Ok, ok...so he's posted good SB numbers. So what? One category alone will hardly help anyone win a Head-2-Head match-up or a Roto championship, for that matter. What do his other numbers look like and what do they mean for his future production?
If you take away the SB category, you basically have a glorified Ben Revere. He has 31 RBI on the season (that's right, the same number as his SB total) to go along with 63 R, 7 HR and an acceptable AVG of .276. These numbers aren't anything special, but they certainly won't hurt you either.
What about his future, though? What type of player does Maybin project to be? Honestly, it's hard to say. He's been one of the top prospects in baseball for the last half decade or so, and he's yet to pan out, while the two high school outfielders who were taken the picks immediately after him have flourished in the majors. Can you name them? Try Andrew McCutchen and Jay Bruce.
It might sound crazy, but I would actually like to compare Maybin to Justin Upton and Crawford. They all have extremely similar heights and weights, were highly touted prospects brought into the show at an early age and have had their doubters. Upton has gone on to explode into one of the game's best, while Crawford has taken a giant step backwards so far here in 2011. Comparing Maybin and Crawford's numbers side by side might surprise you.
Guess who's having the better season? Obviously it's Maybin, nearly across the board. If I may, I'd like to make a bold prediction here:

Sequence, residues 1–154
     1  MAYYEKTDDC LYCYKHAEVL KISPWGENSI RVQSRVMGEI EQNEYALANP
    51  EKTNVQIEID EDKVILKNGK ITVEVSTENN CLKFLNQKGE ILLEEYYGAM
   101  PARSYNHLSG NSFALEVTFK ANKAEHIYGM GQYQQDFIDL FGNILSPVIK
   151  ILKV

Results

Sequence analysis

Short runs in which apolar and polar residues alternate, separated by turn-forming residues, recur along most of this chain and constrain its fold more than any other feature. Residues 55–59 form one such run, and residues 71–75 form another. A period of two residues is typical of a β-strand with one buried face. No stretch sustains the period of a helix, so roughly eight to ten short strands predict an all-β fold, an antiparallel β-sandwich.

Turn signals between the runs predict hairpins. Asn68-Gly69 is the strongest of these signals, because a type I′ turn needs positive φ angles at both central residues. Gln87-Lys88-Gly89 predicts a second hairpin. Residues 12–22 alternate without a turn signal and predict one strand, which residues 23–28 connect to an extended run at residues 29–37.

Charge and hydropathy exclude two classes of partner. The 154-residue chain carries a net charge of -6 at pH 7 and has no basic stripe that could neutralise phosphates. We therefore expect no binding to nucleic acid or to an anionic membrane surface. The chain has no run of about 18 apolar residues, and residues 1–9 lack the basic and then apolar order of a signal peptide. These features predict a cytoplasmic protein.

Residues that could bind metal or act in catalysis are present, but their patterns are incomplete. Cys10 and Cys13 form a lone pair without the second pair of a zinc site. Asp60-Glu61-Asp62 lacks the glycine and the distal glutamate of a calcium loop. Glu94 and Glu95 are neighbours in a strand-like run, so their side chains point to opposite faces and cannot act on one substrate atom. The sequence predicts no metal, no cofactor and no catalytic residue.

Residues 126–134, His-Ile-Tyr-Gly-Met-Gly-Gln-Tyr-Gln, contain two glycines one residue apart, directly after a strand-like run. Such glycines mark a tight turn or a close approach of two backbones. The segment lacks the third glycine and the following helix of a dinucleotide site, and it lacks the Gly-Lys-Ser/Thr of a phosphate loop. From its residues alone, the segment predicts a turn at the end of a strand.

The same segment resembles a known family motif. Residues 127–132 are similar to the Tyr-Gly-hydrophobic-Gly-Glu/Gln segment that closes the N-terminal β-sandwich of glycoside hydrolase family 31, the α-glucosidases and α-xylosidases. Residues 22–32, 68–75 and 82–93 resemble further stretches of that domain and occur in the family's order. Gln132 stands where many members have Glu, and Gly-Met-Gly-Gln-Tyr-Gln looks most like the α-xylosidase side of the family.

Rest of their career, better 5x5 value: Maybin or Crawford. I'm going with Maybin.
The reasoning behind it is peppered in the article above. There is so much potential there and he's also six years younger than Crawford.
Perhaps Maybin's biggest critics are asking, "But what about the power? And the ballpark?" It's true. PETCO isn't exactly what you want when you are attempting to develop your power stroke. However, Adrian Gonzalez (who was featured last month in his own Sabermetric Spotlight) seemed to fair pretty well. I think there is also something to be said about being given the chance to develop as a player on a team that itself is rebuilding. I found this quote from an article by Jerry Crasnick of ESPN very enlightening:
"This is the first time in two or three seasons where I've felt comfortable," Maybin said. "I'm not worried about the consequences of going out there and trying to get a hit every night. Even if I have a bad week or a bad month, I feel like these guys are still with me."The potential is all there AND you can get him on the cheap. In 2011 drafts, Maybin wasn't even drafted in the Top 260 players and those who drafted him in deeper leagues or in the late rounds are feeling pretty smart now. I think Maybin's value is highest in Roto Keeper and Dynasty Leagues, and he should be targeted if you can get him for the right price.
"In past situations, I've always felt like I had to be perfect or I might get sent down a month or two into the season. Now I'm able to relax and make the adjustments I need to make. I'm just believing in myself a little more."
Have a question or comment? Want to suggest the next player featured In The Sabermetric Spotlight? Leave a comment below or drop me a line on Twitter @SillyLittleGame.